Ivory Coast reggae roots man Tiken Jah Fakoly has been endeavouring to break into the Anglophone market for a few years now and this all-English language project is firmly aimed at winning over reggae fans who might baulk at the idea of hearing roots reggae in French, or other languages than English. He covers a few classics along the way.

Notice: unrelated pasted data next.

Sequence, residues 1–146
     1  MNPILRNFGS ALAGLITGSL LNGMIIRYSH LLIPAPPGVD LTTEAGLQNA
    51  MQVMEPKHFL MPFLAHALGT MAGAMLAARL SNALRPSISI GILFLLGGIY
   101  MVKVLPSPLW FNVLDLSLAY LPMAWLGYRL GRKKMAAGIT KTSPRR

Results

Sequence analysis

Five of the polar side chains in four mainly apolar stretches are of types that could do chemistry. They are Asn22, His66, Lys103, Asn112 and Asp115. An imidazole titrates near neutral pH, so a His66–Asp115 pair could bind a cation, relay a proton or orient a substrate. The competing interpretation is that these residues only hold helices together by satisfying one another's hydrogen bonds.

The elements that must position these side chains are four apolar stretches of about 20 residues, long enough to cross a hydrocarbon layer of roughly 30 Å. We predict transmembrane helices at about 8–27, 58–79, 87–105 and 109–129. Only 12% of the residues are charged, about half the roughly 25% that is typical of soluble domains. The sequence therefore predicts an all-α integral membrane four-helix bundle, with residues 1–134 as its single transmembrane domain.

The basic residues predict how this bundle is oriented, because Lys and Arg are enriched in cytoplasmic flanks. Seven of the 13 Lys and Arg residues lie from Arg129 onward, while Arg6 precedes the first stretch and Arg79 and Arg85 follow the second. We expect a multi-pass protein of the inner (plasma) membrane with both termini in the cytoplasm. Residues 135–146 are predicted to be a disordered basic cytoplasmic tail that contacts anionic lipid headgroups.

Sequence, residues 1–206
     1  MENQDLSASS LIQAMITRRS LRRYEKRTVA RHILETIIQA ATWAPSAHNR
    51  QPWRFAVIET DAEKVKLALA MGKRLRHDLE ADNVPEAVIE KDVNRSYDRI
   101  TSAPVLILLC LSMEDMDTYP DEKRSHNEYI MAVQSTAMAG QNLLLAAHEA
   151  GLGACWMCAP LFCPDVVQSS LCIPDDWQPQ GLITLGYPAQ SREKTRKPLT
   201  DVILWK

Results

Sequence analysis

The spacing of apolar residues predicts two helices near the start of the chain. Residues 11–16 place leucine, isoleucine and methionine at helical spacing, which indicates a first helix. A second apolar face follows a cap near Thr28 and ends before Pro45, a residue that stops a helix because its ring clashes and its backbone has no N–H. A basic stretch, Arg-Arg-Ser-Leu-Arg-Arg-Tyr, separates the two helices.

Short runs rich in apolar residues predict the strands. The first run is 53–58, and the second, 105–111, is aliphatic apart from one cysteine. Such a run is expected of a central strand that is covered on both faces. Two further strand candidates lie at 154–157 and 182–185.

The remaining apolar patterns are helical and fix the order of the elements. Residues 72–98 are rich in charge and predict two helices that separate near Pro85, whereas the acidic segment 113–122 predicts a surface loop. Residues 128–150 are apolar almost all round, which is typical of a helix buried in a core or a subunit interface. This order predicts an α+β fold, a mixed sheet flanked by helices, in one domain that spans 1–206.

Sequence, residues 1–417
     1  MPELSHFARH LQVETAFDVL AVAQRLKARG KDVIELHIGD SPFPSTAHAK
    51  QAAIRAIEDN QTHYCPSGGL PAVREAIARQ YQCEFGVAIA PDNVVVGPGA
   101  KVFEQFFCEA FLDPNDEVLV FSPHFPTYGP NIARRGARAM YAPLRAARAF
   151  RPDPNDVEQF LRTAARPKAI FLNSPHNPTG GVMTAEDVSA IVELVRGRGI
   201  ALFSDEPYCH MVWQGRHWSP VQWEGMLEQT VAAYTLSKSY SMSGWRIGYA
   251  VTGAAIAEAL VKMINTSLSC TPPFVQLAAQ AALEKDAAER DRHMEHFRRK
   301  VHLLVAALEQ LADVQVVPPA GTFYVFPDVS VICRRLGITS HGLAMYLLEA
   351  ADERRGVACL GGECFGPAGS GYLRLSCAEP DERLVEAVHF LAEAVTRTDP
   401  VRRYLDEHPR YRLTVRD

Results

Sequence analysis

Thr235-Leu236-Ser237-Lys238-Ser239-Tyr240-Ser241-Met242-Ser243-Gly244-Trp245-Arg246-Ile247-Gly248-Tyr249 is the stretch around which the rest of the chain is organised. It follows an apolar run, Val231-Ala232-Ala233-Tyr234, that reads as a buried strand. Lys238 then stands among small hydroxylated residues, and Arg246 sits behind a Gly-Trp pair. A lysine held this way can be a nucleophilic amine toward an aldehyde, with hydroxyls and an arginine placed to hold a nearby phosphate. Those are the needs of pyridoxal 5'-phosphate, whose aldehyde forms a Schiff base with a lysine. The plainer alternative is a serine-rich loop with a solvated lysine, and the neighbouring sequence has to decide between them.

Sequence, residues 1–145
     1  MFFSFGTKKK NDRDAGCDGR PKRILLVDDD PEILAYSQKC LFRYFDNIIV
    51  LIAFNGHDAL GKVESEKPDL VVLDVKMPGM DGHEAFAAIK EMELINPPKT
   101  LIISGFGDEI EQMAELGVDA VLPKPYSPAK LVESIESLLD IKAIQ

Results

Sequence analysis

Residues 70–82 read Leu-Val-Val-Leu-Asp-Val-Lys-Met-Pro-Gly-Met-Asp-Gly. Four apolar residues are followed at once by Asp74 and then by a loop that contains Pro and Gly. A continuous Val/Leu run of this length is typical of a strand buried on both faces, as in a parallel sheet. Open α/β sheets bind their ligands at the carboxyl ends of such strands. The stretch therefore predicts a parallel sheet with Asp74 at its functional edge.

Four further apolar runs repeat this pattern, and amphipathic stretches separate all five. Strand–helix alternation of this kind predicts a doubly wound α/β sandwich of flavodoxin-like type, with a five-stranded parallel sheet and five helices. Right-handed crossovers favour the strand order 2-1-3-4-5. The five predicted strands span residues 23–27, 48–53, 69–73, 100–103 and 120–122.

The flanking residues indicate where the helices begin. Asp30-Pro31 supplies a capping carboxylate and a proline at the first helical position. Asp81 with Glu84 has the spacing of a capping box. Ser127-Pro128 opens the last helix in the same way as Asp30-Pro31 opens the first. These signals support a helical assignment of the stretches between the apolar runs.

Of note is the attention to authentic roots reggae detail and here that means recording at Tuff Gong studios, Kingston, with Sly and Robbie providing the rock steady rhythm section and, among others, more top session musicians accompanying in Mikey Chung and Robbie Lyn. One of the strongest re-workings is a reggae take on Syl Johnson’s 1960s political anthem, ‘Is it because I’m black’, which back in the late 1970s Ken Boothe reworked to stunning effect. This time round the singer joins the leader here for a version that shifts up a gear from a gentle acoustic intro. Another guest, on this occasion Max Romeo, duets on his own original, ‘One step forward’, and this writer is especially fond of the subtle use of West African percussion and taken at a slightly slower tempo than the original. A reprise of Bob Marley’s ‘Get up stand up’ with Daddy U-Roy on toasting duties works a treat and Fakoly further sources the Marley back catalogue with a faithful interpretation of ‘Zimbabwe’. Elsewhere, Junior Byles’ epic ‘Fade away’ and Burning Spear’s ‘Slavery days’ are updated to good effect. Reggae from the African continent is not forgotten, however, and Tiken Jah Fakoly has a decent stab at another of his compatriots reggae anthems, Alpha Blondy’s 1980s classic, ‘Brigadier Sabari’. If Tiken Jah Fakoly does not score a hit with this album, there will be no excuses whatsoever for the English-speaking world of reggae. A solid homage to the roots era.